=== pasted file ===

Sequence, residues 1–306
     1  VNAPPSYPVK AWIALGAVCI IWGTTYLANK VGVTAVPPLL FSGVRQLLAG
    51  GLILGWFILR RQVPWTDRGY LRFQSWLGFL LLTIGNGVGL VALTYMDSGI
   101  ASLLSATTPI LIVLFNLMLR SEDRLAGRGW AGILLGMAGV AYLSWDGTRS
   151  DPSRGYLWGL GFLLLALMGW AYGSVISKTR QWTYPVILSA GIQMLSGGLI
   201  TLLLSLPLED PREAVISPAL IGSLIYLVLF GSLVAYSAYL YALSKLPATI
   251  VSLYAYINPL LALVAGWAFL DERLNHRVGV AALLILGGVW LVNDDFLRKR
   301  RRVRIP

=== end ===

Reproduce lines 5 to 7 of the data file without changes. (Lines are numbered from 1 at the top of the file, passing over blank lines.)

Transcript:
   151  DPSRGYLWGL GFLLLALMGW AYGSVISKTR QWTYPVILSA GIQMLSGGLI
   201  TLLLSLPLED PREAVISPAL IGSLIYLVLF GSLVAYSAYL YALSKLPATI
   251  VSLYAYINPL LALVAGWAFL DERLNHRVGV AALLILGGVW LVNDDFLRKR